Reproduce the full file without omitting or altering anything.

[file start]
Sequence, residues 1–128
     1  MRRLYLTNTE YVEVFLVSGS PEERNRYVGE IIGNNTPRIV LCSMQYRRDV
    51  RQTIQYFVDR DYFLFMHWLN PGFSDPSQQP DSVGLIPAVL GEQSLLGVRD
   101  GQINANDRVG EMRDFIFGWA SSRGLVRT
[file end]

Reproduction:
Sequence, residues 1–128
     1  MRRLYLTNTE YVEVFLVSGS PEERNRYVGE IIGNNTPRIV LCSMQYRRDV
    51  RQTIQYFVDR DYFLFMHWLN PGFSDPSQQP DSVGLIPAVL GEQSLLGVRD
   101  GQINANDRVG EMRDFIFGWA SSRGLVRT